The Winston-Salem Journal reports that R.J. Reynolds is expanding its test marketing of Camel Snus, a Swedish-style oral snuff that comes in little pouches that users place between the lip and gum. Bill Godshall, executive director of SmokeFree Pennsylvania and one of the few anti-smoking activists who has endorsed smokeless tobacco as a harm-reducing alternative to cigarettes, welcomes the move:
Reynolds' expansion of its test market for snus will provide millions of smokers with less-hazardous alternatives to cigarettes, which is welcom[e] news. It makes sense for Reynolds to gradually expand its test market for snus, as it's a new and entirely different product than cigarettes….Although smokeless tobacco is just as addictive as cigarettes, and should not be used by those who are not addicted to nicotine, cigarettes are about 100 times deadlier than smokeless-tobacco products.
Representing the orthodox quit-or-die position is Matthew Myers, president of the Campaign for Tobacco-Free Kids:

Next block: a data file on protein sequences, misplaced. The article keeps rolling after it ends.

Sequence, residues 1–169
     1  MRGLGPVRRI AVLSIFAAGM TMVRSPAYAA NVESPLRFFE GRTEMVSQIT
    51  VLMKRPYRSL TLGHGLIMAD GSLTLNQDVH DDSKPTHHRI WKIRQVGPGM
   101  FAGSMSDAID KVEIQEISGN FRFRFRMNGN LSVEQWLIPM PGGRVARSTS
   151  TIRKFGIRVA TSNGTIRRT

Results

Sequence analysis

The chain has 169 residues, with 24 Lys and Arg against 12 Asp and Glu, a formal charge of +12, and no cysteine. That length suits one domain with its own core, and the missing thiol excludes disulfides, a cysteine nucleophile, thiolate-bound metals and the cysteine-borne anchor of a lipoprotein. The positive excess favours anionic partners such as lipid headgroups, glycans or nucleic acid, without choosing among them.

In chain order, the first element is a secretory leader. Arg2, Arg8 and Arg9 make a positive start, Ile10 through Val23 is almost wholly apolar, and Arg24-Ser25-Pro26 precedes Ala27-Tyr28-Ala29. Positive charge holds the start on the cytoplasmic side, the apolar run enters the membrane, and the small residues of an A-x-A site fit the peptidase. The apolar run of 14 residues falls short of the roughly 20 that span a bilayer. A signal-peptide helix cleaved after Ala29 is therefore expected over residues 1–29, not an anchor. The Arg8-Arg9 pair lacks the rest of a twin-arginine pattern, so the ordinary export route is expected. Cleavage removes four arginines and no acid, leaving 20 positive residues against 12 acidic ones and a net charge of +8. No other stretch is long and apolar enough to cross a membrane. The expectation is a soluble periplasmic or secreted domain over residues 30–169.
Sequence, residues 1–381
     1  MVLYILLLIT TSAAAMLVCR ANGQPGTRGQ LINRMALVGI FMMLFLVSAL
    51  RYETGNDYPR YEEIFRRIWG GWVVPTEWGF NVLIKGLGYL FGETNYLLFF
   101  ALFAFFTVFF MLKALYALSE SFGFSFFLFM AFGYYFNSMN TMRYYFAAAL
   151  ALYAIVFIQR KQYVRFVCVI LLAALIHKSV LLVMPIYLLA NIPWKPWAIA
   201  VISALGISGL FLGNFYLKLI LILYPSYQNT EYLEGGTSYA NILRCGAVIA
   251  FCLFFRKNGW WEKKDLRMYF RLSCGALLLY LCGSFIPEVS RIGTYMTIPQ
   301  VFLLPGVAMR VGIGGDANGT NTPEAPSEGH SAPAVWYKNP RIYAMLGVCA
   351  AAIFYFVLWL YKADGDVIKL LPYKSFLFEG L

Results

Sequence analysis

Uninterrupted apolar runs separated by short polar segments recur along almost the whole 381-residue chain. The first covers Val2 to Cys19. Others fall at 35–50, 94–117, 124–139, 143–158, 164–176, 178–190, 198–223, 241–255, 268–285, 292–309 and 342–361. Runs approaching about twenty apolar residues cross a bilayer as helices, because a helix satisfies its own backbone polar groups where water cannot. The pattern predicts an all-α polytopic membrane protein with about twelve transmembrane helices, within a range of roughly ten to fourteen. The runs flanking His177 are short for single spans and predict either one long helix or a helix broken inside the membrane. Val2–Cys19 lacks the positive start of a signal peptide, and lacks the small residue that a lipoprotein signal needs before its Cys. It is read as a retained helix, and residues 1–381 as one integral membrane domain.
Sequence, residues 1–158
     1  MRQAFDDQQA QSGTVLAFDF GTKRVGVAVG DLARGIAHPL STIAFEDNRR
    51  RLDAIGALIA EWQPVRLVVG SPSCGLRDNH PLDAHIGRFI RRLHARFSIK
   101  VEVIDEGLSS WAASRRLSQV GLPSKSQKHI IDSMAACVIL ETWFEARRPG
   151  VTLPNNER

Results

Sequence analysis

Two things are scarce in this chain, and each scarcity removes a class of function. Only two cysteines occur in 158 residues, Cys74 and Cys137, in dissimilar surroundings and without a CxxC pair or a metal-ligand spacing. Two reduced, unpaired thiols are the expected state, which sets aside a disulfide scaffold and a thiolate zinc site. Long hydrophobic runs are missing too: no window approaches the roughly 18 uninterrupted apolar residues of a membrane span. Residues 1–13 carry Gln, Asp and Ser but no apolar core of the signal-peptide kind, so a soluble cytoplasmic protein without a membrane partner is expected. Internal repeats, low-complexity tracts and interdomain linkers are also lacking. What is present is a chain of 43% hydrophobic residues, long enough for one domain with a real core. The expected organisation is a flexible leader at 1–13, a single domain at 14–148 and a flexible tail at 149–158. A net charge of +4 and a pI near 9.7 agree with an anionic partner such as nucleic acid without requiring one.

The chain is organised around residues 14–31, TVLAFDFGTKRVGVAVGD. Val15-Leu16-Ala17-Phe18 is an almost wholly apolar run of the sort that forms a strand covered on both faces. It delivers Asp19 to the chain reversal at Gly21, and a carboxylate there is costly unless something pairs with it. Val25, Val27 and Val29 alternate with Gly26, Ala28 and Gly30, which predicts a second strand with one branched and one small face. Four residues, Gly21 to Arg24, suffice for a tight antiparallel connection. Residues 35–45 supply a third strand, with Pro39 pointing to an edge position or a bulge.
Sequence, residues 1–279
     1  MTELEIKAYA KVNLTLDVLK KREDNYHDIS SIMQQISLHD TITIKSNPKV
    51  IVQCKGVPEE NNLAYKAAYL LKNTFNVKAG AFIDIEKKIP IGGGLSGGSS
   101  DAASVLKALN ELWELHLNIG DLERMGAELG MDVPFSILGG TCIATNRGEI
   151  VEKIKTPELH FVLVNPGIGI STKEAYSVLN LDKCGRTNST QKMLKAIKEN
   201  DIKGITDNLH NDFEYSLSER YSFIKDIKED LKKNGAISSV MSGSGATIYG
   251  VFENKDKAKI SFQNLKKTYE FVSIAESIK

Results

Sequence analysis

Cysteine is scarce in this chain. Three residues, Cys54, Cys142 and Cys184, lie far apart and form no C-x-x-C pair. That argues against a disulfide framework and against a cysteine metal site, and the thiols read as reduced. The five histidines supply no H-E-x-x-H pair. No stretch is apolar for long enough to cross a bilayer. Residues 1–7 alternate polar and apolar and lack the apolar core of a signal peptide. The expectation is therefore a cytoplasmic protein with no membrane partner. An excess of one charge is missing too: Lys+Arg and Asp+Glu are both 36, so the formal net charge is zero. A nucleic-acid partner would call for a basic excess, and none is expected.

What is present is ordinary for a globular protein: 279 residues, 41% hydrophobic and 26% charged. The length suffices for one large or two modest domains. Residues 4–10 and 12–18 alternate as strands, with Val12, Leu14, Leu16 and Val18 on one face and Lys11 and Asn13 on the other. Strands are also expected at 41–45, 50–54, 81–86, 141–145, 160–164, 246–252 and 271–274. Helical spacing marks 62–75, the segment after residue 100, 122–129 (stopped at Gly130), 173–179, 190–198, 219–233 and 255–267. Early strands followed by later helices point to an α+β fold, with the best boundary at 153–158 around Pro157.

Every new city RJR picked has a clean-air law. This is about RJR doing everything they can to keep people from quitting.
Remember when anti-tobacco activists used to pretend that smoking bans were aimed at protecting bystanders from secondhand smoke? In case you're worried about secondhand saliva, R.J. Reynolds notes that its snus "does not require the consumer to spit."
Godshall co-authored an article about smokeless tobacco that appeared in the December 2006 Harm Reduction Journal. In my column last week, I noted that FDA regulation of tobacco products could impair competition between cigarettes and smokeless tobacco.